About to ride to the bus station this morning; greeted by another nice rainbow:
Brought to us by the laws of physics. No pot of gold evident. Pity.
Happy Darwin Day 2016!
Freedom of thought is best promoted by the gradual illumination of men’s minds which follows from the advance of science. (Charles Darwin)
From so simple a beginning endless forms most beautiful and most wonderful have been, and are being, evolved. (Charles Darwin, Origin of Species)
Meanwhile, let creationism talk itself into oblivion.
It has often and confidently been asserted, that man’s origin can never be known; but ignorance more frequently begets confidence than does knowledge; it is those who know little, and not those who know much, who so positively assert that this or that problem will never be solved by science. (Charles Darwin, The Descent of Man)
MIT Artificial Intelligence (AI) pioneer Marvin Minsky died at the age of 88 on January 24th in Boston.
See this EE Times blog post for a good summary.
Marvin Minsky’s participation in the 1956 Dartmouth Conference along with John McCarthy, Nathaniel Rochester, and Claude Shannon gave rise to the term artificial intelligence. While considerable progress has been made in the domain of machine intelligence, Minsky’s book The Emotion Machine deals with some of the more recalcitrant aspects of human-level intelligence.
His work ranged widely, including early work in neural networks (perceptrons) or connectionism and symbolic or classical AI including expert systems. I took university classes in classical AI and enjoyed experimenting with neural networks in the 90s, but my knowledge representation Master’s thesis was very much in the symbolic camp.
Minsky provided advice for the movie 2001: A Space Odessey regarding the delusional HAL 9000 computer. He made this remark about the film:
Kubrick’s vision seemed to be that humans are doomed, whereas Clarke’s is that humans are moving on to a better stage of evolution.
I’ll end with more Minsky quotes that provide some insight into this influential man’s thought processes. I particularly like the final tongue-in-cheek comment.
No computer has ever been designed that is ever aware of what it’s doing; but most of the time, we aren’t either.
If you just have a single problem to solve, then fine, go ahead and use a neural network. But if you want to do science and understand how to choose architectures, or how to go to a new problem, you have to understand what different architectures can and cannot do.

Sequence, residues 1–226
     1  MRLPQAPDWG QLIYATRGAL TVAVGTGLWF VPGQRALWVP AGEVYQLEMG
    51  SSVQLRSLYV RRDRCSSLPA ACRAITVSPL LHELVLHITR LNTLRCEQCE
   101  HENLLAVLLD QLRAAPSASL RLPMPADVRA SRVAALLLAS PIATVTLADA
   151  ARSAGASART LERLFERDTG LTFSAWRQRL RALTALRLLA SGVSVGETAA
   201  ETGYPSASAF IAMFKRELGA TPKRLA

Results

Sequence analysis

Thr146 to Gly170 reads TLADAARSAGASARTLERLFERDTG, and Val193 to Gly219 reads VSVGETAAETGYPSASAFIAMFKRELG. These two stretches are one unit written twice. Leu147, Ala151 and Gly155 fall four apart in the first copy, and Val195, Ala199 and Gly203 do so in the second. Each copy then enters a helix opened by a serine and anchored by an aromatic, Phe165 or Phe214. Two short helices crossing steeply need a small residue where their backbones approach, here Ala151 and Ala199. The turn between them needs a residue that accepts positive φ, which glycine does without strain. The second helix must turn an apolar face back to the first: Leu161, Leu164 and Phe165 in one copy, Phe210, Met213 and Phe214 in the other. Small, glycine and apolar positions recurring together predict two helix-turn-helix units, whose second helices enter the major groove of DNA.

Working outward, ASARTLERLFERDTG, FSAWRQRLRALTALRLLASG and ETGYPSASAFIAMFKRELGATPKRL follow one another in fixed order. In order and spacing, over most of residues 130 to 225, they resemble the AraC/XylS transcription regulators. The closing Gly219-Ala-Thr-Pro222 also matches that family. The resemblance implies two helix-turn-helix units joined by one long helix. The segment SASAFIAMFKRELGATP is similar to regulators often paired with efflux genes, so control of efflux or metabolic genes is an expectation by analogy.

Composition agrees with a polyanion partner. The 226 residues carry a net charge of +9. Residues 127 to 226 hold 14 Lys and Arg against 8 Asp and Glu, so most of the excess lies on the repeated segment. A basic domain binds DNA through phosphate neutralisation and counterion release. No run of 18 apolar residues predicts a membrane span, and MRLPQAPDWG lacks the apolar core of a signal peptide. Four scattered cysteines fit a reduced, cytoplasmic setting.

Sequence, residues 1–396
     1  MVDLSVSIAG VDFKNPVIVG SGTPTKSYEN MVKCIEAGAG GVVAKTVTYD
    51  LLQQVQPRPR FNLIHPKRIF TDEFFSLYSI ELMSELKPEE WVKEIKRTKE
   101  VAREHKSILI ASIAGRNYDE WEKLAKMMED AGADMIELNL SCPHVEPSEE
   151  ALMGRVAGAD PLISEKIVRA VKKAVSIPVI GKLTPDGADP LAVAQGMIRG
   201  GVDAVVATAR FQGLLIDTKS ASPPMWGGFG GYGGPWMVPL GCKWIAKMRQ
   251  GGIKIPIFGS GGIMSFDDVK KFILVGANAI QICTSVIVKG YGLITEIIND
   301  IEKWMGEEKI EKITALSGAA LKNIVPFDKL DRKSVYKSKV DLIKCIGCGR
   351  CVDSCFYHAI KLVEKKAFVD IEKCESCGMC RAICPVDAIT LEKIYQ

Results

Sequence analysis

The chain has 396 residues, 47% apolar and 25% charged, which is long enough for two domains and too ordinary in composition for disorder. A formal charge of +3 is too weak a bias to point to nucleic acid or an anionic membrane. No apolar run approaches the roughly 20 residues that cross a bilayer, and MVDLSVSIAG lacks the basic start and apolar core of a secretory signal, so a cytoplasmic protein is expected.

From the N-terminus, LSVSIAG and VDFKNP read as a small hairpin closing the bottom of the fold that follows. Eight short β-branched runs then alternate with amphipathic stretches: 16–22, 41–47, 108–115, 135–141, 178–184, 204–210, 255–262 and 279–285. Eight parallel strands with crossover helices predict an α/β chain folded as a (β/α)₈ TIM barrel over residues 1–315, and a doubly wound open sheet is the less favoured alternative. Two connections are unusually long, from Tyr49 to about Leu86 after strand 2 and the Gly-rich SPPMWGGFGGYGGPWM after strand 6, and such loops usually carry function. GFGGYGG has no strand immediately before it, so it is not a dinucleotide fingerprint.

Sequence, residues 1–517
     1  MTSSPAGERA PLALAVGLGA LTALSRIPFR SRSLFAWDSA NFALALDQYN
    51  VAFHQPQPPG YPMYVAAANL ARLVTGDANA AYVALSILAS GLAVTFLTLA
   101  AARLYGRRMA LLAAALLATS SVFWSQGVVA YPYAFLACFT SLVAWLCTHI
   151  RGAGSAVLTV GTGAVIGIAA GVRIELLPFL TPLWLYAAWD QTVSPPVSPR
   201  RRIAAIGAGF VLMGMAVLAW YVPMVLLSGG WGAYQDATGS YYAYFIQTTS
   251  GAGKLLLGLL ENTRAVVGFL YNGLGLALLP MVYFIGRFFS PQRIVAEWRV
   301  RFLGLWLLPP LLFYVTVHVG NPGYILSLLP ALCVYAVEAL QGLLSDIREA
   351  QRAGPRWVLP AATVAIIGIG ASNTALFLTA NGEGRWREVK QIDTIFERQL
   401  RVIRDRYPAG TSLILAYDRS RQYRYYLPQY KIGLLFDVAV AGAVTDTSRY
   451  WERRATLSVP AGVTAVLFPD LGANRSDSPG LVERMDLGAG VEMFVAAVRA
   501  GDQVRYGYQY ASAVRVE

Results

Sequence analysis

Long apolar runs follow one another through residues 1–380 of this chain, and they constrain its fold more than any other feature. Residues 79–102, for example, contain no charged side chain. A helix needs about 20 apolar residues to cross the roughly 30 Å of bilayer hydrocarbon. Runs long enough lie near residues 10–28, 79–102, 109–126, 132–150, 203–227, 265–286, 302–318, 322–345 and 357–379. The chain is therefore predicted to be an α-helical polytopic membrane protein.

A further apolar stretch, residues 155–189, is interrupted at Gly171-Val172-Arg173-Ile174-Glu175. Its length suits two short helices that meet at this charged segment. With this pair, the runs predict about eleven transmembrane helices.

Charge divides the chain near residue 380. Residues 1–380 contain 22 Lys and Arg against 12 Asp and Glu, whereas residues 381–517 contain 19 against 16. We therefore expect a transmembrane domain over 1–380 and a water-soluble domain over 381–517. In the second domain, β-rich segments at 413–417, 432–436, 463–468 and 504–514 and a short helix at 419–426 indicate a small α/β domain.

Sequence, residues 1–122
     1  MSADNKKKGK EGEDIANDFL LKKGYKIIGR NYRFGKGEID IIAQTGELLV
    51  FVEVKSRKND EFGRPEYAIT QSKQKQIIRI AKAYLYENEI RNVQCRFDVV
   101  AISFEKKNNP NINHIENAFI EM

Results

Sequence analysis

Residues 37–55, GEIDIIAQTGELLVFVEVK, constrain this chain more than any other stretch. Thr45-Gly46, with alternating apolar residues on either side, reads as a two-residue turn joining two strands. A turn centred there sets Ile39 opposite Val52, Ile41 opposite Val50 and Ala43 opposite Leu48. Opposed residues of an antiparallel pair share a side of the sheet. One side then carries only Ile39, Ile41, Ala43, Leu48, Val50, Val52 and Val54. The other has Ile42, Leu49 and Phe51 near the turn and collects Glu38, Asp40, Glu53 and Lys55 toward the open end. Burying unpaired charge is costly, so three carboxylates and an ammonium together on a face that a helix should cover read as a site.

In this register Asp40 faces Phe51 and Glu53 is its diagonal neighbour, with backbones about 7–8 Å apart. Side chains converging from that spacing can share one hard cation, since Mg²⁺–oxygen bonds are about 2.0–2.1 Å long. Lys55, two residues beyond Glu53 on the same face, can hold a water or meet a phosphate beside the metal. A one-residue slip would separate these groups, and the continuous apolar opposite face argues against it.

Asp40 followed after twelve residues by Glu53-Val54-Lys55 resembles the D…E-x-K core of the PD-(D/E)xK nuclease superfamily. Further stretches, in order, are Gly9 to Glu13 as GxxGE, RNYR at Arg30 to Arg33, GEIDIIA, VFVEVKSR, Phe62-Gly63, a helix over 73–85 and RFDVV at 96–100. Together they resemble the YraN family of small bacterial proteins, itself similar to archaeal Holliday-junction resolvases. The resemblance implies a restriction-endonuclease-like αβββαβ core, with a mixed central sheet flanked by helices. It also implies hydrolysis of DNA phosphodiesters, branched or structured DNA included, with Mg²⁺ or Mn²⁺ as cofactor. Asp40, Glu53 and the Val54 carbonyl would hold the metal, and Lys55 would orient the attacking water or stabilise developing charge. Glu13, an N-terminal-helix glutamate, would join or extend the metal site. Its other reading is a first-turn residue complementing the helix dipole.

I believed in realism, as summarized by John McCarthy’s comment to the effect that if we worked really hard, we’d have an intelligent system in from four to four hundred years.
Peter Naur received the ACM Turing award in 2005 for “…fundamental contributions to programming language design and the definition of Algol 60, to compiler design, and to the art and practice of computer programming”.
He is best known as the original editor of the Algol 60 Report, and as the “N” in BNF or Backus-Naur Form (with John Backus of Fortran, and other, fame), first used to describe the syntax of Algol 60. He objected to this and thought BNF should denote Backus-Normal Form instead. Nevertheless, MacLennan (1983), in Principles of Programming Languages: Evaluation and Implementation), notes the following about the connection between BNF and Naur:
Peter Naur, then the editor of the Algol Bulletin, was surprised because Backus’s definition of Algol-58 did not agree with his interpretation of the Algol-58 report. He took this as an indication that a more precise method of describing syntax was required and prepared some samples of a variant of the Backus notation. As a result, this notation was adopted for the Algol-60 report…
I gave examples of BNF from the Report along with Algol code fragments in a talk I gave to the Australian Computer Society about the 50th anniversary of Algol 60. Compiler construction tools like lex & yacc arose from the creation of BNF and variations such as EBNF (with which I have spent more time) led to more expressive and concise programming language grammars and still more powerful tools.
Alan Perlis commented in 1978, with a pun on the begin and end keywords used to delimit code blocks, that:
Algol’s is the linguistic form most widely used in describing the new exotic algorithms…Where important new linguistic inventions have occurred, they have been imbedded usually within an Algol framework, e.g. records, classes, definitions of types and their operations,…, modules. Algol has become so ingrained in our thinking about programming that we almost automatically base investigations in abstract programming on an Algol representation to isolate, define, and explicate our ideas…It was a noble begin but never intended to be a satisfactory end.
Others have remarked upon the contribution of Algol:
Here is a language so far ahead of its time that it was not only an improvement on its predecessors but also on nearly all its successors. (1980 Turing Award Lecture, C.A.R. Hoare)
Lisp and Algol, are built around a kernel that seems as natural as a branch of mathematics. (Metamagical Themas, Douglas Hofstadter)
Algol 60 lives on in the genes of Scheme and Pascal. (SICP, Abelson & Sussman)
Block structure, lexical scope, and recursion are just a few features that no Pascal, C/C++, Python, Java, C# or programmer would find surprising. Naur and his collaborators played a large part in shaping the programming languages we think and code in today. Scheme is a dialect of Lisp — Lisp predating Algol — that was ultimately influenced by it, e.g. lexical scope and by the “language report” document approach (see Revised Report on the Algorithmic language Scheme).